During the last weekend without AFL football until September, footy fans across the country are in full swing with their typical pre-season delusions and high hopes.
Many are trying to convince anyone who will listen – and themselves, actually, mostly themselves – that this is their year to make some progress on the back of their young guns. However, with the compromised drafts, finding these young guns became significantly more difficult.
A complete hypothetical redraft of the 2011 edition may be a bit pointless, as the GWS Giants went around the board first, bought all the properties and then put motels on them before anybody else had a turn.
Seriously though, the Giants had eleven of the first fourteen picks. How on earth did we let that happen? No wonder this is about to be the Giants’ league and we’ll just be playing in it.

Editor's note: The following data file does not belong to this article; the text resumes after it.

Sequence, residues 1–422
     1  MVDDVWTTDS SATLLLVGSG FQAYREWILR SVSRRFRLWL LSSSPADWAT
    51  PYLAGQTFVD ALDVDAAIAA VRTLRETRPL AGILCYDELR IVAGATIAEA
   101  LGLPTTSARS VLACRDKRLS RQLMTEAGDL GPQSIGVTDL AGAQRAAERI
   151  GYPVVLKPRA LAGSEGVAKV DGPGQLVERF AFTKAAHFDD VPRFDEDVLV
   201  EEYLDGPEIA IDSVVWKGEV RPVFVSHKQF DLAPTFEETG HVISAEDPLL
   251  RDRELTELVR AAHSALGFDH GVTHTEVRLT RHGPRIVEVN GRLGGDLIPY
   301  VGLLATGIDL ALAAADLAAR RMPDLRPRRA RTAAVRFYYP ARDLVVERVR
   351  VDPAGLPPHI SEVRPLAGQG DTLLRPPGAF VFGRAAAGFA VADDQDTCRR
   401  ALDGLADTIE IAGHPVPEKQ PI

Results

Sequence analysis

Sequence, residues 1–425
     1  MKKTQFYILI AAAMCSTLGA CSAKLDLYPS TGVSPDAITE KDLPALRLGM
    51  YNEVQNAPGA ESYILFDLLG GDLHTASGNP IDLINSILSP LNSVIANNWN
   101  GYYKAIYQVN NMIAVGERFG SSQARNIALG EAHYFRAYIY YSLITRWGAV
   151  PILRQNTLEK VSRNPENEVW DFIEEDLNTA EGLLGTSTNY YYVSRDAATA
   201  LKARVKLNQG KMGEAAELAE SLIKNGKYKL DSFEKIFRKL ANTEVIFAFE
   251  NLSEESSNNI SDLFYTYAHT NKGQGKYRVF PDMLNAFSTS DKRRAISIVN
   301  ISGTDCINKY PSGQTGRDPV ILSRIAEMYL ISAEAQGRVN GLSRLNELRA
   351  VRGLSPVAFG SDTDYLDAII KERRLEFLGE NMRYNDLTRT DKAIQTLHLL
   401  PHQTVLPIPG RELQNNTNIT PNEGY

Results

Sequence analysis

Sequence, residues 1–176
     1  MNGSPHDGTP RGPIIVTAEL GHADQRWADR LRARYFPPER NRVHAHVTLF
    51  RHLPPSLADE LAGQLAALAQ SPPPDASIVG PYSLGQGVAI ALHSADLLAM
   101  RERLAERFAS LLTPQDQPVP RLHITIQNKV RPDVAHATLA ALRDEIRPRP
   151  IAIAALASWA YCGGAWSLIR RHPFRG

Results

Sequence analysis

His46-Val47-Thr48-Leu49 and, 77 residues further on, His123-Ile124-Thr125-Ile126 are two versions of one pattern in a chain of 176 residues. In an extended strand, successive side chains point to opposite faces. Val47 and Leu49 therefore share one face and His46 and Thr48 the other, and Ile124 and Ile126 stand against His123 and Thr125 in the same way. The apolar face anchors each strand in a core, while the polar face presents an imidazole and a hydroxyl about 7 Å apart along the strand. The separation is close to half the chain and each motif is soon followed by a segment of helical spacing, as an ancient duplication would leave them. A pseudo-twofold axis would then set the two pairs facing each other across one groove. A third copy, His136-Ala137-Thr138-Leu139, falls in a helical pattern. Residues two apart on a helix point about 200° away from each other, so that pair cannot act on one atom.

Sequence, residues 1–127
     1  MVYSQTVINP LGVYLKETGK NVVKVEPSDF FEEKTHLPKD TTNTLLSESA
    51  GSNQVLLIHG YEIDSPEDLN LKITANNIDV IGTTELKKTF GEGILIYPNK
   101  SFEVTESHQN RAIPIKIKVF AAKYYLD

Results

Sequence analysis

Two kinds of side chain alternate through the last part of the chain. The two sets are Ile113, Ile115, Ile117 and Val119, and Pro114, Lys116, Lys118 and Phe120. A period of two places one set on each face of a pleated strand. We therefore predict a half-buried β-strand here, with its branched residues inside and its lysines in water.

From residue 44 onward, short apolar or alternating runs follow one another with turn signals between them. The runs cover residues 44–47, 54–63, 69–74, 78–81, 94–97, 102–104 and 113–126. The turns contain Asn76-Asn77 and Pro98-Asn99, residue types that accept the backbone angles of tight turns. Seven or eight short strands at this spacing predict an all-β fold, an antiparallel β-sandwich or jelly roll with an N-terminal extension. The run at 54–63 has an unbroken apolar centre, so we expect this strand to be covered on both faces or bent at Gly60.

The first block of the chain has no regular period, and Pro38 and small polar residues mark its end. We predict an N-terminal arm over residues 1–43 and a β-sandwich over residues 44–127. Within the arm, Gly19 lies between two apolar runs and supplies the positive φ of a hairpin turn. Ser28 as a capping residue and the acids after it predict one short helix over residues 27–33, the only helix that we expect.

Consider this to be more of a ranking of player’s median career outcome going by what we have seen so far. These players have had five years in the AFL system, and are tomorrow’s – and in some cases, today’s- superstars.
1. Lachie Neal
Drafted at: (bold) Pick 56 in the National Draft
Current club: (bold) Fremantle
While they say you can never trust a man with two first names, Lachie Neal is an absolute stud and has steadily developed into one of the best inside midfielders in the competition. He broke the record last year for most possessions in a season, is a grand final player, and a club best and fairest winner.
Of all the players from this draft, is there anybody more likely that Neale is to win a Brownlow? Probably not.
In the absence of Nat Fyfe, Neale excelled, having an outstanding individual 2016 and shows no signs of letting that slip this year.